There are no words in the Klingon language to describe just how much they HATE tribbles. That one campaign alone probably required decades of systematic asteroid bombardment, not to mention the warriors needed to hunt the little bastards across the galaxy to the last one.
While the Great Tribble Hunt is indeed worthy of song, it's more the Hunt than the destroying the Tribble homeworld. According to the TNG technical manual, a single photon torpedo can carry 1.5 kg of antimatter. Just a regular explosion with that would be almost 65 MT - Tsar Bomba was only 50 MT - but due to sci-fi magic the explosion can be more like 100 cubic meters of liquid antideuterium, which works out to be about 690 GT.

In one torpedo.

Plus, torpedoes can burrow through the surface of a planet, so going to the best depth to get the most damage.

Even disregarding the secondary source, the opening volley from the Tal Shiar/Obsidian Order fleet in "The Die Is Cast Pt.2" destroyed 30% of the surface of the planet they were attacking, and that wasn't a particularly large fleet by military standards (both organizations not being military, technically). Making an undefended planet uninhabitable seems almost trivial.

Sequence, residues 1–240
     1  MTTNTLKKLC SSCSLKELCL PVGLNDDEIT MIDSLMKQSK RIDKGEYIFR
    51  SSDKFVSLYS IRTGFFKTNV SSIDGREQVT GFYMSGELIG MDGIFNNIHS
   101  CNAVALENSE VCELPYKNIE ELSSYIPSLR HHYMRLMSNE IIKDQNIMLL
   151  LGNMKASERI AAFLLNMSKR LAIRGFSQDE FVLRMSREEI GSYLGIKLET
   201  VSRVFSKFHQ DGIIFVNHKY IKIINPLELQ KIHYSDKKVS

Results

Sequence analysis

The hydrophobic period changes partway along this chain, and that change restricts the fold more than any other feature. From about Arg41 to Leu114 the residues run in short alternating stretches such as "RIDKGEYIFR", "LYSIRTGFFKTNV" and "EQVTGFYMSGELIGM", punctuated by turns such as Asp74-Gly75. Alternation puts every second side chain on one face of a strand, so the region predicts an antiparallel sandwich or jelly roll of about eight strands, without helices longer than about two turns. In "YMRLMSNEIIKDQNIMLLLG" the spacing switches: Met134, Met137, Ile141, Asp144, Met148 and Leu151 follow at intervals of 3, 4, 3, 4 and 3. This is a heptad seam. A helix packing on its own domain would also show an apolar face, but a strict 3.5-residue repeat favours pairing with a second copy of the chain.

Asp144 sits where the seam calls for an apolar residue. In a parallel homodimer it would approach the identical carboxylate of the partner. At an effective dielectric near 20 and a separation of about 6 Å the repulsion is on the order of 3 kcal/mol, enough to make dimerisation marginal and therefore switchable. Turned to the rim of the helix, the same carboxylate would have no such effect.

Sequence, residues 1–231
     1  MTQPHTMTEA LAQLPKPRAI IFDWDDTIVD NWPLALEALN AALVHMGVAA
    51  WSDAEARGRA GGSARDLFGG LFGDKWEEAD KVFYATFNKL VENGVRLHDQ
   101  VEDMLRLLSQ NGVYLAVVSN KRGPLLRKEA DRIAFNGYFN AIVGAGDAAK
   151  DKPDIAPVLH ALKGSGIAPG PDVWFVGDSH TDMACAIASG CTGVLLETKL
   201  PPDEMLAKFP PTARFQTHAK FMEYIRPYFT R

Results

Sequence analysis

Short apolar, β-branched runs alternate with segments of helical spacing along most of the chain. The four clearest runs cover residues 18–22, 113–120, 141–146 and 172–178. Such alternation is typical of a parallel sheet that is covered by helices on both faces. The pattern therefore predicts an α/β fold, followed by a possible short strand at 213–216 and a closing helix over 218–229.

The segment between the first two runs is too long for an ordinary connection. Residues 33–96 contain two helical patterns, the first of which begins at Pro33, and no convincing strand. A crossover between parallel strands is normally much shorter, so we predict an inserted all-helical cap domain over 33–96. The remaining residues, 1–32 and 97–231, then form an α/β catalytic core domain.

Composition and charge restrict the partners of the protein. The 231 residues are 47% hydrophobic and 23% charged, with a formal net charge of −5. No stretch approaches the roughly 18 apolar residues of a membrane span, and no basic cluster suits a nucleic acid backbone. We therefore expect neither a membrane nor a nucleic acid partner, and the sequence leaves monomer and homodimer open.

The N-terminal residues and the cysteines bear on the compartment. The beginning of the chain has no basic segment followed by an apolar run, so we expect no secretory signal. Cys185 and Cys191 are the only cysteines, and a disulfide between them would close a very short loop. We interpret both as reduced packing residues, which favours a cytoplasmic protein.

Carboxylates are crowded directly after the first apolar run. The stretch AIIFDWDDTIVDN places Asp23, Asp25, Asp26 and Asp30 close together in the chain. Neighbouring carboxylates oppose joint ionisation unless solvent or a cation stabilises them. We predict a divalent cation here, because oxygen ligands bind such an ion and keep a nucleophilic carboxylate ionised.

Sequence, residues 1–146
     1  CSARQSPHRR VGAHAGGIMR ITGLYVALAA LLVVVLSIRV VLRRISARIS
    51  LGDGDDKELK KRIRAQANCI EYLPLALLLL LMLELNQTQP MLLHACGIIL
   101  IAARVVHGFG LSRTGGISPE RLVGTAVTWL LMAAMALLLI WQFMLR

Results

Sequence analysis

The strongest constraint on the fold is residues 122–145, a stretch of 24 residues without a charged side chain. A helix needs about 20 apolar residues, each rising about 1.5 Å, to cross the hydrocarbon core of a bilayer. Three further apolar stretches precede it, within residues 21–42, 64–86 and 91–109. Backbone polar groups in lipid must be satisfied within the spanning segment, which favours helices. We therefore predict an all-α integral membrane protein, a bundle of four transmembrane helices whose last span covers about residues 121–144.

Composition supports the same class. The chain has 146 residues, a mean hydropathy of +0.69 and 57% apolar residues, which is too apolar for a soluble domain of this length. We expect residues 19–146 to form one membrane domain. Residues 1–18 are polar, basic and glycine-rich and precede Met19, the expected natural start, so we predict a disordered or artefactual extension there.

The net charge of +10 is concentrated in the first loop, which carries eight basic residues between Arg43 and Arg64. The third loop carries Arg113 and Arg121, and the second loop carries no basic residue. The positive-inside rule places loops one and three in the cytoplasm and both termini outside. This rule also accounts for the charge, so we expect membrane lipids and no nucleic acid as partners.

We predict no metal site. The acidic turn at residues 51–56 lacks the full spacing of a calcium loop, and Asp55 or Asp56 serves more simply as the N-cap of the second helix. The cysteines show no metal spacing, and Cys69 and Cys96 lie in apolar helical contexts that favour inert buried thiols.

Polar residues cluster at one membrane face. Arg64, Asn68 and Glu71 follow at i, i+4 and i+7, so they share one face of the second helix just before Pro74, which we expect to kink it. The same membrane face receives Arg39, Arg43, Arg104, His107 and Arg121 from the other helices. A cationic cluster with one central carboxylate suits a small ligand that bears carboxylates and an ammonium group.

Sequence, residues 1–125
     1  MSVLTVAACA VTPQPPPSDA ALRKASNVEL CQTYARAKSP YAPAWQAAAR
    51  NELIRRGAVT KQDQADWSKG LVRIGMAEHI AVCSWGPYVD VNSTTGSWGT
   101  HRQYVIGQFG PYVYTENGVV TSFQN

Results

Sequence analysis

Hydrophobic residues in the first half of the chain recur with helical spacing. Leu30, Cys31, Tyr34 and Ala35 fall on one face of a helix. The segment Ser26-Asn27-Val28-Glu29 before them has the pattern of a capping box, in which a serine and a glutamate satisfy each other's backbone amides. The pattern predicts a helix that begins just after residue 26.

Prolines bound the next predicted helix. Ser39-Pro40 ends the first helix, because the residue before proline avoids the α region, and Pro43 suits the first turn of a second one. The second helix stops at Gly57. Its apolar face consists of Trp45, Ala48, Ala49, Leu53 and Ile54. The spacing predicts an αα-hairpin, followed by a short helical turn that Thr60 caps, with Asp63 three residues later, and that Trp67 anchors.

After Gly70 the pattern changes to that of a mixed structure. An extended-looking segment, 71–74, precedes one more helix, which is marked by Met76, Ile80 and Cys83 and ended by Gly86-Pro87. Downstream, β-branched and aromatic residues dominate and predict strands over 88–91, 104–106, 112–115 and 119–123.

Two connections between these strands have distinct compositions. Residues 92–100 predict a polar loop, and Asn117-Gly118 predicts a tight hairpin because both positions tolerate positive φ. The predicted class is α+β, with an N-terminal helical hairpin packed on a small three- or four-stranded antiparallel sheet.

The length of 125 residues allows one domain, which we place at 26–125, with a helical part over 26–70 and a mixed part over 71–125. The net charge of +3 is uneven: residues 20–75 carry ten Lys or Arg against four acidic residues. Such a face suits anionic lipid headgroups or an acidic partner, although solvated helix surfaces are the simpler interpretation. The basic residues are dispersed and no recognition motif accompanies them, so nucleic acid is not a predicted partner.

Of course, it has been suggested that despite the incredible release of energy, the actual "blast effect" of an antimatter warhead would not be nearly as great as a great deal of the energy released would be in the form of particles that would not interact with regular matter very well.
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Old October 25 2012, 02:11 AM   #87
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Re: Federation Law of restricting cloaking device

Knight Templar wrote: View Post